Death's Heretic

  • by James L. Sutter
  • Narrated by Ray Porter
  • 10 hrs and 9 mins
  • Unabridged Audiobook

Publisher's Summary

Nobody cheats death. A warrior haunted by his past, Salim Ghadafar serves as a problem-solver for a church he hates, bound by the goddess of death to hunt down those who would rob her of her due. Such is the case in the desert nation of Thuvia, where a powerful merchant on the verge of achieving eternal youth via a magical elixir is mysteriously murdered, his soul kidnapped somewhere along its path to the afterlife. The only clue is a magical ransom note, offering to trade the merchant's successful resurrection for his dose of the fabled potion. But who would have the power to steal a soul from the boneyard of Death herself?
Enter Salim, whose keen mind and contacts throughout the multiverse should make solving this mystery a cinch. There's only one problem: The investigation is being financed by Neila Anvanory, the dead merchant's stubborn and aristocratic daughter. And she wants to go with him. Along with his uninvited passenger, Salim must unravel a web of intrigue that will lead them far from the blistering sands of Thuvia on a grand tour of the Outer Planes, where devils and angels rub shoulders with fey lords and mechanical men, and nothing is as it seems....


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Customer Reviews

Most Helpful

An Interesting Twist on a Classic Archetype

On the surface, we've seen this story a million times before. A person strikes a desperate bargain that swears them into the reluctant service of a powerful being. The things that makes this story interesting is the nature of the being that holds his oath, and the use that Pharasma makes of Salim.

The pace of the story is usually desperate, and the locations are fantastic. It really does a great job mixing Mystery with Adventure, keeping the mind whirling to solve the problem, while also feeling that you're going on a journey. It seemed that my commute always ended right when they were about to do a big reveal in the story and I wanted to see what was going to happen when I got back in the car.

My issues with this story come largely from the writing style itself. The profanity conflicts so drastically with the tone the rest of the book that it jars you loose from the immersion. Additionally, every now and again, we get a chapter that could have been omitted with no loss to the story (the First World tangent being a really good example). I feel like the story very easily could have demonstrated those within the bounds of the conflict that already existed, rather than creating a new appendage to the story. The fight choreography gets pretty silly at times as well, with a single fighter making three to four moves to another fighter's one.

On the whole, the story is very engaging and fascinating. The performance of Ray Porter is very impressive, lending gravity to the story and personality to the characters. It reminded me of the voice acting in the first Assassin's Creed game, which (at least from my perspective) was a pretty impressive cultural work. I'd recommend this to any fans of casual mystery or the world of Golarian. For fans of swashbuckling action or hard boiled detective novels, this probably isn't a good fit, as the fights are pretty brief and one sided and the mystery is kind of obvious and let out of the bag comparatively early.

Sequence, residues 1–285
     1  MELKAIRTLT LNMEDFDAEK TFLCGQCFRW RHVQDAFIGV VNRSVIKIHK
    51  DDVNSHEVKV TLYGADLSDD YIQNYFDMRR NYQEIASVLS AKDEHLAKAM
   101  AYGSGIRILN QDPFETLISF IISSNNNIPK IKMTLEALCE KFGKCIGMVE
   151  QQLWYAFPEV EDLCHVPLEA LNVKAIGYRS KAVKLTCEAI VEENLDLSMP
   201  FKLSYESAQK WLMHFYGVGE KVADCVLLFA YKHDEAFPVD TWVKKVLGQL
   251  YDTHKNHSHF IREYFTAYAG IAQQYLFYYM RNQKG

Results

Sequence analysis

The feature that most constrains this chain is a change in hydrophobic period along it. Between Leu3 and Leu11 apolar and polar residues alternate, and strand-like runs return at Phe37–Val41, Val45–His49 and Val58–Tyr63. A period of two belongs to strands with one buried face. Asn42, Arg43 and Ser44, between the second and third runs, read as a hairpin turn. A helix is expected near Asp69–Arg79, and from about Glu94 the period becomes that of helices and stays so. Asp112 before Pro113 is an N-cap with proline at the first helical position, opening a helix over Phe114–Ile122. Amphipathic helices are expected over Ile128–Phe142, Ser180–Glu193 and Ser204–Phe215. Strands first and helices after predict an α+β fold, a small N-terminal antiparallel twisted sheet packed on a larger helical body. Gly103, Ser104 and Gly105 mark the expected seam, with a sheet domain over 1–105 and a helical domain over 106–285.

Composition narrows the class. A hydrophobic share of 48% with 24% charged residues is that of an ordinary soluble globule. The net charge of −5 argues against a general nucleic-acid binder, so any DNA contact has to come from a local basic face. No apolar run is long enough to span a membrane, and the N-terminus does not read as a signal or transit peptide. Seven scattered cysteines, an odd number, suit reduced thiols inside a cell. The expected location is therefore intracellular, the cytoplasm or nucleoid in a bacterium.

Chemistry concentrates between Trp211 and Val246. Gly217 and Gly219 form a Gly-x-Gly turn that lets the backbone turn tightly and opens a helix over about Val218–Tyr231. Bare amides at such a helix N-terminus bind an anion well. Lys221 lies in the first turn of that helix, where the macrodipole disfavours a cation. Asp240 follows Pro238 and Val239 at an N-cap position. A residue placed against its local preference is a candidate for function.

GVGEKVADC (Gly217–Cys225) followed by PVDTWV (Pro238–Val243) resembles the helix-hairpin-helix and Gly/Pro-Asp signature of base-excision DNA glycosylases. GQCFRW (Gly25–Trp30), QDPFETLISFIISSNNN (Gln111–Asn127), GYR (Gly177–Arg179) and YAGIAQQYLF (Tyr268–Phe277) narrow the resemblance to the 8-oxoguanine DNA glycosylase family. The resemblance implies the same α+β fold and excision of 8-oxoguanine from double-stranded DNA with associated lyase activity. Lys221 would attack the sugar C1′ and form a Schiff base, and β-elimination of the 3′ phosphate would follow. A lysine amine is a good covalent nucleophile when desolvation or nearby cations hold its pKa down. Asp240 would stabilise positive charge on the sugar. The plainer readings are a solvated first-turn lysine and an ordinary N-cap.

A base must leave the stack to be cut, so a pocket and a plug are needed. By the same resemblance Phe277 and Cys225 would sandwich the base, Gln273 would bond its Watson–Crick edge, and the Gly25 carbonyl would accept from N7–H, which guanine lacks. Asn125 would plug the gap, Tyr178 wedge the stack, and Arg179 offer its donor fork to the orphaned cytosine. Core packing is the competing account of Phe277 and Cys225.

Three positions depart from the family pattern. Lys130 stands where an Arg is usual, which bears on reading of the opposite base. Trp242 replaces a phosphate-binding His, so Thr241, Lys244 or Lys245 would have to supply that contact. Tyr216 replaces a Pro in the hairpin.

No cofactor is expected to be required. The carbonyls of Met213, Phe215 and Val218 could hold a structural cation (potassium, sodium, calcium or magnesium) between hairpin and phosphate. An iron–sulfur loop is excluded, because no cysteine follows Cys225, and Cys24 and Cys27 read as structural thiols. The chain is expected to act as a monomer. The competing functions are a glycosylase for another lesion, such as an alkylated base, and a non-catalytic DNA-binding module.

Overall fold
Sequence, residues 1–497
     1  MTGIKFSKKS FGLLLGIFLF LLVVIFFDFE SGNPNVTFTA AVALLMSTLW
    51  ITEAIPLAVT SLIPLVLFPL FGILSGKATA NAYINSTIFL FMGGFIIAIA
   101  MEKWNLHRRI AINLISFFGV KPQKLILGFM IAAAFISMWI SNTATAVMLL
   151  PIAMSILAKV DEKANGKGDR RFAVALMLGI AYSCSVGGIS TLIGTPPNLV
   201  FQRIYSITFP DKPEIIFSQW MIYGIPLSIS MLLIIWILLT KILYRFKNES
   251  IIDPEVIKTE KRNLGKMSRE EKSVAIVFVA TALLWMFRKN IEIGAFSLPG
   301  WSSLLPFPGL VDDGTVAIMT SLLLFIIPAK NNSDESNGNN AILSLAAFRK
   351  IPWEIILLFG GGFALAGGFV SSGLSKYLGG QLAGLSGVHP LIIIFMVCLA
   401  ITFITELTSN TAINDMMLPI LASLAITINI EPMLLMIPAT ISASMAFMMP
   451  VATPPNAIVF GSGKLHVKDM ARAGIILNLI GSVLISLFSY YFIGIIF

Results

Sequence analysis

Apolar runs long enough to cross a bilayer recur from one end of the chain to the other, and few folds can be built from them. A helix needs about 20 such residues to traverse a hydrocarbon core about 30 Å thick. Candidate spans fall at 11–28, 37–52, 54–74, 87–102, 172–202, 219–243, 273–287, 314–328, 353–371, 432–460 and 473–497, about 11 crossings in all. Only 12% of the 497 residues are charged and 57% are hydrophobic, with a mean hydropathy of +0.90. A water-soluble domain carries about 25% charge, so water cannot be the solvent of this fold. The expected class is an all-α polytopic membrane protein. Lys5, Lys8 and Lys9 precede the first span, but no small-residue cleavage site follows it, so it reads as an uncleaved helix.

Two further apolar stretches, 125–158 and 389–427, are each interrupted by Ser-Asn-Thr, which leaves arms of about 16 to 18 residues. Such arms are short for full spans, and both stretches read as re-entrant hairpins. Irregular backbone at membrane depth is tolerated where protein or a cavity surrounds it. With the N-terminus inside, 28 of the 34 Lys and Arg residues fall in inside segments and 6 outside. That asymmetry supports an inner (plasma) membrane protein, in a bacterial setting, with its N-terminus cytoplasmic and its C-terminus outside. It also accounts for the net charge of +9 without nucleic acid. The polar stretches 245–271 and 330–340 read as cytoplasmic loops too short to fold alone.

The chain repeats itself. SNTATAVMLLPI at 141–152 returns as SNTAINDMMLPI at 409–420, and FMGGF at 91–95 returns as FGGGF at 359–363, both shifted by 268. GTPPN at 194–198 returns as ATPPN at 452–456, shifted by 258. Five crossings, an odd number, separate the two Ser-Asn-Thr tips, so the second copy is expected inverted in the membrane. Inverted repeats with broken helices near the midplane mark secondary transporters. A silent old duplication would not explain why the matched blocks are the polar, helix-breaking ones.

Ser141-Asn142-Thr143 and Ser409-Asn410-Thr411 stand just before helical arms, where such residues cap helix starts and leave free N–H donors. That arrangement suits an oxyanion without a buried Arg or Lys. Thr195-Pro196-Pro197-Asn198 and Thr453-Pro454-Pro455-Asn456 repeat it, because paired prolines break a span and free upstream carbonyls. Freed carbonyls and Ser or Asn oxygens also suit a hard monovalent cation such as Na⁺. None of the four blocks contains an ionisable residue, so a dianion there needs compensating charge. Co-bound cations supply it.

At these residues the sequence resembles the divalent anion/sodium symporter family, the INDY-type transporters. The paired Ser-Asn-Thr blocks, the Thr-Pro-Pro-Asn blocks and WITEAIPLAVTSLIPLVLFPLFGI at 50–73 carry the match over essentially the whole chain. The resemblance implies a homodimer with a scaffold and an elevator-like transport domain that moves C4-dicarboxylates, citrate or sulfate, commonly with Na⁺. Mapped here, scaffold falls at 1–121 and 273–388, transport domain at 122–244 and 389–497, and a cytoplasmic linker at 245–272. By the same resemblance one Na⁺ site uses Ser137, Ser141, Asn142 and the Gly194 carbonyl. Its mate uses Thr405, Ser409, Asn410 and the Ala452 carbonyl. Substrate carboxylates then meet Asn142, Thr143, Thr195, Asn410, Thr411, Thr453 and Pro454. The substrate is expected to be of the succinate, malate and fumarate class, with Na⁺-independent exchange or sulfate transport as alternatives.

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- Brian Zohner

Good Story, and Free (for a few days)

This book briefly turned up on Audible's bestsellers list, they were offering it free for a few days, I assume to introduce the line of Pathfinder Tales based on a role-playing game. I am not now nor have I ever been the least interested in RPG--I am mystified as to how they even operate. But the book's description looked interesting and, hey, for free? Why not.

Without knowing how it fits into the "Pathfinder" cosmos, I can say I enjoyed this as a standalone adventure about a warrior priest forced to serve the goddess of death, making sure she is not cheated of the souls that are her due. The characters -- hero, heroine, villain, creatures, and "constructs" -- are nothing unique and the story is fairly predictable, but it moves along, has some philosophy lite, and is well performed by Ray Porter.

There is a second volume of Salime's adventures ("Redemption Engine"), and I'm tempted to burn a credit on it, so Audible's ploy may have worked :-) James Sutter is the overall editor of the Pathfinder Tales franchise and a good, solid fantasy writer. The books, by a variety of different authors and narrators, each appear to work by themselves, no need to commit to a 30-volume cycle.
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- Carol

Book Details

  • Release Date: 01-19-2016
  • Publisher: Audible Studios